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Endurance.Net Home 2009 Tierras de Al-Andalus

Sevilla to Carmona
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San Lucar to El Rocio
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El Rocio to Sevilla
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Event Home
Saturday April 4 2009 - Final Day 8: Montoro - Virgen de la Cabeza
What a finish to a challenging ride: 77 km and 388 meters (1300') of climbing, ending below the 13th century Santuario de la Virgen de la Cabeza.

37 of 42 horses completed the day's ride; 5 Binomios horses (1 horse, 1 rider) of 20 completed all 8 days, and 3 Equipos (teams: 1 rider and 2 horses, or 2 riders and 2 horses) of 22 completed all 8 days.

Overall Biomios winner was Eduardo Sanchez Hidalgo, on 16-year-old Hermes - what a horse! Overall Equipos winners were Inigo Del Solar LLanso on Zafia 50% and his 14-year-old niece Teresa Lozano Muguiro on Cardhu.

The huge dinner and awards party started late, went even later, and I think the dancing and party is still going on.

Another amazing year in the books of Tierras de-Al Andalus, the unique endurance ride across Andalucia!


Friday April 3 2009 - Day 7: Cordoba - Montoro
Lest you think 8 days of 'only' 60 kilometers is not endurance, or that it sounds easy and that you don't need a really fit horse to do it, you are wrong. Of course luck plays a part, but it takes skill to get one (or two) horses through Al Andalus, and it is endurance.

Today's ride was a strenuous climb up into the mountains, that are the source of the Guadalquivir River we've been following since Day 1. The views were awesome and the ride a definite challenge. 14 horses vetted out lame today, "the most ever in 14 years!" said Jose Manuel Soto.

Paulette Maldera won the Equipos and Carlos Escavias won the Binomios on his little chestnut stallion. Eduardo Sanchez and Hermes finished second in Binomios, and still have a 1 1/2 hour lead over Otto Velez and Pal Partenon. In Equipos, the team of Emma Rosell and 14-year-old Maria Capdevila (riding in Al Andalus for the third time!) have moved to second place, only 1 hour and 7 minutes behind Inigo del Solar and Teresa Lozano.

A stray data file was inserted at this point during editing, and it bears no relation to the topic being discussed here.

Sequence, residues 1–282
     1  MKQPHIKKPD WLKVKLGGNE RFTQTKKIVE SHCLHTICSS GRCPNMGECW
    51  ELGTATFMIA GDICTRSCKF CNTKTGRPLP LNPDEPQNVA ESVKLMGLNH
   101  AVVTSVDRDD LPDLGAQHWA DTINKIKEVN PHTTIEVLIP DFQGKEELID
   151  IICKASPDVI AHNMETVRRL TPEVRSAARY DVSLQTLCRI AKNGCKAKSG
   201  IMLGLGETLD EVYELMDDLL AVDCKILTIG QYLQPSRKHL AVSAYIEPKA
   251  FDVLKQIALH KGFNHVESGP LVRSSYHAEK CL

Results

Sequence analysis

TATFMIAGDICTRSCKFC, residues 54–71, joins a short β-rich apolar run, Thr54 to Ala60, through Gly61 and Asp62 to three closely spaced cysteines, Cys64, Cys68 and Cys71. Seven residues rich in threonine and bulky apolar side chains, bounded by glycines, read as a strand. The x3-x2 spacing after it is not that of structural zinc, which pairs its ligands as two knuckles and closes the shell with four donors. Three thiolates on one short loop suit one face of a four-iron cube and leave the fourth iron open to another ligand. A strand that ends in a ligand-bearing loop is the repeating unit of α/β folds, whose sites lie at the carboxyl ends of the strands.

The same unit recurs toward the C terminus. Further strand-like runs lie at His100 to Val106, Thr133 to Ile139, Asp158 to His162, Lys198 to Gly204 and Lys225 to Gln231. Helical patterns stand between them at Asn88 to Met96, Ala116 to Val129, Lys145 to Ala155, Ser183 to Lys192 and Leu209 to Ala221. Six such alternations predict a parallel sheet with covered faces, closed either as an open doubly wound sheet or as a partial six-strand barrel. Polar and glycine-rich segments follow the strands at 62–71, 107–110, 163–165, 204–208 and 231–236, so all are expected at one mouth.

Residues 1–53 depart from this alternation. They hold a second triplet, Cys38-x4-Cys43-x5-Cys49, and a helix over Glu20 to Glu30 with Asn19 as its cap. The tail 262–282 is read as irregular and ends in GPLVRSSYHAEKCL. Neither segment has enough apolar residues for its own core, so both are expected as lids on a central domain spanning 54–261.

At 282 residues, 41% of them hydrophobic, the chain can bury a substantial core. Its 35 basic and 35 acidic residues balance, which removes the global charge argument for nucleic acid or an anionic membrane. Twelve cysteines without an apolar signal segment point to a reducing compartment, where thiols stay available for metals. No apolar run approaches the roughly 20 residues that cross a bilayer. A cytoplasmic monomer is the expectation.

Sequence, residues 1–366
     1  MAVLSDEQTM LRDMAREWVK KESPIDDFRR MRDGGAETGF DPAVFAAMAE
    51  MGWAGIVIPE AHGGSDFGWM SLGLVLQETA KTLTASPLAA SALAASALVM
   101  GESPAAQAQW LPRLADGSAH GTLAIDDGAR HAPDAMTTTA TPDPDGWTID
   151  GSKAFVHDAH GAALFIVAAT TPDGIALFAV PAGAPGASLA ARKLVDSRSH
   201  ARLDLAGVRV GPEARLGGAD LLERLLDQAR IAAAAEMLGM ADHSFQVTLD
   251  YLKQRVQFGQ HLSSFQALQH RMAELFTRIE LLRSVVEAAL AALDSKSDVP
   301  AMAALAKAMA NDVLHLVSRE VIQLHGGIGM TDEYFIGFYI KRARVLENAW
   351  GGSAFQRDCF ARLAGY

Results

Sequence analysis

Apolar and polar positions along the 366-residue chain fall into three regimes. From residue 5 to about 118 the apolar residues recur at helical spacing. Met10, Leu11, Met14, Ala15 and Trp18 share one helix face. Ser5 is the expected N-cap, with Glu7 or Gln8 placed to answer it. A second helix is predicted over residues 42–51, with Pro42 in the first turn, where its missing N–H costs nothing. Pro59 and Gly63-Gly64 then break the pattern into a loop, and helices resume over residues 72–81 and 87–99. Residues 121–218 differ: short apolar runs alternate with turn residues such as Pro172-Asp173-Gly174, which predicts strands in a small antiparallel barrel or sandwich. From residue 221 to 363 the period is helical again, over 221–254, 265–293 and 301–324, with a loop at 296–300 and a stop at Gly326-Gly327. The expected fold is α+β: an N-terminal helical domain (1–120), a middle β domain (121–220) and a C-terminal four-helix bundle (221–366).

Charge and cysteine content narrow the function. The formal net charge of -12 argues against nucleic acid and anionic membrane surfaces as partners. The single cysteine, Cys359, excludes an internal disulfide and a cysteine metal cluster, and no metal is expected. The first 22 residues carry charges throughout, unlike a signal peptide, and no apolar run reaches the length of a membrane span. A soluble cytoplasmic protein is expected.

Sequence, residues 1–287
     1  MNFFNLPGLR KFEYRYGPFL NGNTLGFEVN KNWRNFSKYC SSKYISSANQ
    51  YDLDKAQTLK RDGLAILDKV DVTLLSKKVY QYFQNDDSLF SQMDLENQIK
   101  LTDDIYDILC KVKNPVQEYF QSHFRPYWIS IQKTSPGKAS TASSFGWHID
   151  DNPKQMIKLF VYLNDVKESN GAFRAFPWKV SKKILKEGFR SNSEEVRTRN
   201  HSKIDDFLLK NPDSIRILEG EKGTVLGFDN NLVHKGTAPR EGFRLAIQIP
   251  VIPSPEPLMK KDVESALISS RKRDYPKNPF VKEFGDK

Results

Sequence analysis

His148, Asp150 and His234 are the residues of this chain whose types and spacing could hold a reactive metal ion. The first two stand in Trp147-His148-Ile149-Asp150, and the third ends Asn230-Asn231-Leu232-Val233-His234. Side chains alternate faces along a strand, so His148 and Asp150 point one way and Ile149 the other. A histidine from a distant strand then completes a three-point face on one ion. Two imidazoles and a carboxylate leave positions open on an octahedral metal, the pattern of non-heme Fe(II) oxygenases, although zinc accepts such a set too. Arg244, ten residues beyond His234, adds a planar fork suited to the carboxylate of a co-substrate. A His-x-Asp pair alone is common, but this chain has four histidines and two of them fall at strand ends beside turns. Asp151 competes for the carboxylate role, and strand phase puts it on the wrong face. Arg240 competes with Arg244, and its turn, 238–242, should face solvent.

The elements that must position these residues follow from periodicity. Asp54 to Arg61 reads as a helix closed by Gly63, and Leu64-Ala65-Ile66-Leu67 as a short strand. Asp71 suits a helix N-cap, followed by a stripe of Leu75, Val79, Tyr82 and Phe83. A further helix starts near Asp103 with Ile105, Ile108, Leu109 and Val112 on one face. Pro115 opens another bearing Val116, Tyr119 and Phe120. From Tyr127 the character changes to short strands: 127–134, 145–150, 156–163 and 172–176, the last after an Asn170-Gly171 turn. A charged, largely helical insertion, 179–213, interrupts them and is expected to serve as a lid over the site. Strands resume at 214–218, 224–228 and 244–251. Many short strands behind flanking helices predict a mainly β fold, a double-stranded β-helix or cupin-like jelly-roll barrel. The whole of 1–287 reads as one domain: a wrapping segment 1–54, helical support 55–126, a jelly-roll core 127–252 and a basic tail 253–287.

It's another tough day in the mountains tomorrow, the final day of Al Andalus 2009.


Thursday April 2 2009 - DESCANSO EN CORDOBA!
Last year I saw absolutely nothing extra during Al Andalus, so this year I determined to do so.

Since today was a day off, I spent most of it walking around the old part of Cordoba, and visiting the stables where riders and crews were busy caring for their horses.

I bumped into Fernando, (who gave Steph a horse to ride in Al-Andalus last year), and as we walked around the Alcazar and the Great Mosque, we concocted the Spanamericano Al Andalus Endurance team for next year's ride. (Fernando and I ride, Steph takes pictures : ).

We ran into more Al Andalus people and wandered around with them, and I finally had to peel myself away to go do a LITTLE work. But suddenly it was time for the awards and hors d'oeuvres party in the Alcazar (old fortress), and then suddenly it was the next morning and time for an early 6 AM wake-up call.

The final two days of Al Andalus begin tomorrow.


Wednesday April 1 2009 DAY 6 - ECIJA - CORDOBA